“In 2023, brands will instead look to solutions that augment contact center employees to drive additional cost saving,” Forrester adds. “Brands will deploy augmented quality monitoring solutions to improve performance visibility and reduce the human effort of manually scoring calls. They will also tap generative AI solutions to drive agent efficiency, a much more appropriate application of this new technology than consumer-facing chatbots.”

And with the success of AI and automation depending so heavily on good knowledge management and data solutions, “in 2023, savvy customer service leaders will stop using shiny chatbots as a replacement for knowledge management and invest in creating a single source of truth,” Forrester says.

However, the compelling case for generative AI can’t be ignored.

Systems based on the technology, such as OpenAI’s ChatGPT and DALL-E-2, demonstrate that across various media with a lot of content, neural networks can do much of the heavy lifting.

Many designers and other creative professionals, therefore, rightly see generative AI as a surprising delight and a scary threat at the same time, the firm maintains.

The technology can supercharge the work of creators who seize its potential, Forrester says. “The content that generative AI systems churn out feels eerily humanlike much of the time and can be surprisingly effective.”

Yet the research firm cautions that the systems often fail, so human oversight is essential. “AI won’t supplant designers but will enable them to do their jobs better. AI will not replace you. A person using AI will.”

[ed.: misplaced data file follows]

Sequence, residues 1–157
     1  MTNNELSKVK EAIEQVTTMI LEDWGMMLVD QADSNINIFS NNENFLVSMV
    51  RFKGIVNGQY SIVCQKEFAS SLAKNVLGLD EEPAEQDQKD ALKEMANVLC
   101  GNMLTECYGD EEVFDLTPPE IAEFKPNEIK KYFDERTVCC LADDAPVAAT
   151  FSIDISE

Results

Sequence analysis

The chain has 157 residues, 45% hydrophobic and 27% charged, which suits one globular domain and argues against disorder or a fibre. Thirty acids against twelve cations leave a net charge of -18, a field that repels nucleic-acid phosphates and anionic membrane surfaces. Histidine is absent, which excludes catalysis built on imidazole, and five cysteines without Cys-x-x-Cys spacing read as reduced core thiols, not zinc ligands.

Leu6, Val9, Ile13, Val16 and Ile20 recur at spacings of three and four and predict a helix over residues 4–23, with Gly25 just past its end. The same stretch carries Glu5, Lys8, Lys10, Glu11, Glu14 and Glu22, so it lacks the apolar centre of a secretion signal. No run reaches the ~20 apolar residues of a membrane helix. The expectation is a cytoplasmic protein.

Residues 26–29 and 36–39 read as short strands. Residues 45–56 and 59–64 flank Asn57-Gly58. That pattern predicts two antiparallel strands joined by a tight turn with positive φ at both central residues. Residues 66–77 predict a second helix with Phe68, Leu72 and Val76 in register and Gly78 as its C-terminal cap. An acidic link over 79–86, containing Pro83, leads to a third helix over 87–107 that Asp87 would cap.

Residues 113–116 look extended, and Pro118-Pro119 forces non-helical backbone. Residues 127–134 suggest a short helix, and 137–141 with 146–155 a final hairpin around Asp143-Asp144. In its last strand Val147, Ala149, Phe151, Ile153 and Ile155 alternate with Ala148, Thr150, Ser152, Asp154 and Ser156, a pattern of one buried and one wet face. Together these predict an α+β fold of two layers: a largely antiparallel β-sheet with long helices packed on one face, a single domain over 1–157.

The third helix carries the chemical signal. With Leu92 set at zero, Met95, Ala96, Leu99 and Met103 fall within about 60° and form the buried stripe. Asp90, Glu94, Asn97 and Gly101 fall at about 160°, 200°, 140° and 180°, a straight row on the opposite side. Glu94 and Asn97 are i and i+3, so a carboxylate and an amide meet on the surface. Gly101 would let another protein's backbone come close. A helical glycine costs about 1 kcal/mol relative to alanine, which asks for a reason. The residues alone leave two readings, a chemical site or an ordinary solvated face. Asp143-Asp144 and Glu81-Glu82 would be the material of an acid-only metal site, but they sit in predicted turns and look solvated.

As AI enables design flows to be completed in a fraction of the time they used to take, designers can increase their corporate contributions, according to Forrester: “Design is no longer taking instructions from leaders who conceive and then dictate products and artifacts. Instead, it’s focused on applying design methods to influence strategy and help companies innovate better in a quickly moving technology.”

In a blog post discussing several other AI-related predictions for 2023, Forrester analyst Rowan Curran offers the following:

• TuringBots will write 10 percent of worldwide code and tests.

• One in four tech execs will report to their board on AI governance. AI is now an enterprise-essential, and as such, AI governance will join cybersecurity and compliance as a board-level topic. Forrester’s data shows that 46 percent of data and analytics business and technology decision makers seek out partners to implement AI critical to the business. Board reporting responsibilities will cover explainability, fairness audits of high-impact algorithmic decision making, and accounting for environmental impacts of AI (green AI).

• Ten percent of Fortune 500 companies will use AI to generate content. Human-produced content will never come fast enough to address the need for personalized content at scale, and in the next year, at least 10 percent of companies will invest in AI-supported digital content creation. Models for text, image, audio, and video creation will become an intrinsic part of daily workflows in both existing tools and new applications.

• A large majority of companies have already made significant investments in AI and are seeing positive results, which will only increase adoption even further. The pace of advancement in what is possible for enterprise applications is continuing to expand and accelerate, and this rising tide will lift all enterprises.